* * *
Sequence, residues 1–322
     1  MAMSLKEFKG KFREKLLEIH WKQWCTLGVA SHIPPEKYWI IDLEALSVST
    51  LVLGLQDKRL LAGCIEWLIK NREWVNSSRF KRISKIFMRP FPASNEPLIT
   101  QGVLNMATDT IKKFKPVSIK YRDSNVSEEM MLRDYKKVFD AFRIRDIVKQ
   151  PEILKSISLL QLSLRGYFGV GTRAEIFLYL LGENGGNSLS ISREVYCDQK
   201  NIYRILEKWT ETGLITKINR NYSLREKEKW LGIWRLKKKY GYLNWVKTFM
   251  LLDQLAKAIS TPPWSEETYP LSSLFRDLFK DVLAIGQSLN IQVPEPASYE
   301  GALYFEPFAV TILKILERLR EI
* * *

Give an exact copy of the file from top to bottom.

Sequence, residues 1–322
     1  MAMSLKEFKG KFREKLLEIH WKQWCTLGVA SHIPPEKYWI IDLEALSVST
    51  LVLGLQDKRL LAGCIEWLIK NREWVNSSRF KRISKIFMRP FPASNEPLIT
   101  QGVLNMATDT IKKFKPVSIK YRDSNVSEEM MLRDYKKVFD AFRIRDIVKQ
   151  PEILKSISLL QLSLRGYFGV GTRAEIFLYL LGENGGNSLS ISREVYCDQK
   201  NIYRILEKWT ETGLITKINR NYSLREKEKW LGIWRLKKKY GYLNWVKTFM
   251  LLDQLAKAIS TPPWSEETYP LSSLFRDLFK DVLAIGQSLN IQVPEPASYE
   301  GALYFEPFAV TILKILERLR EI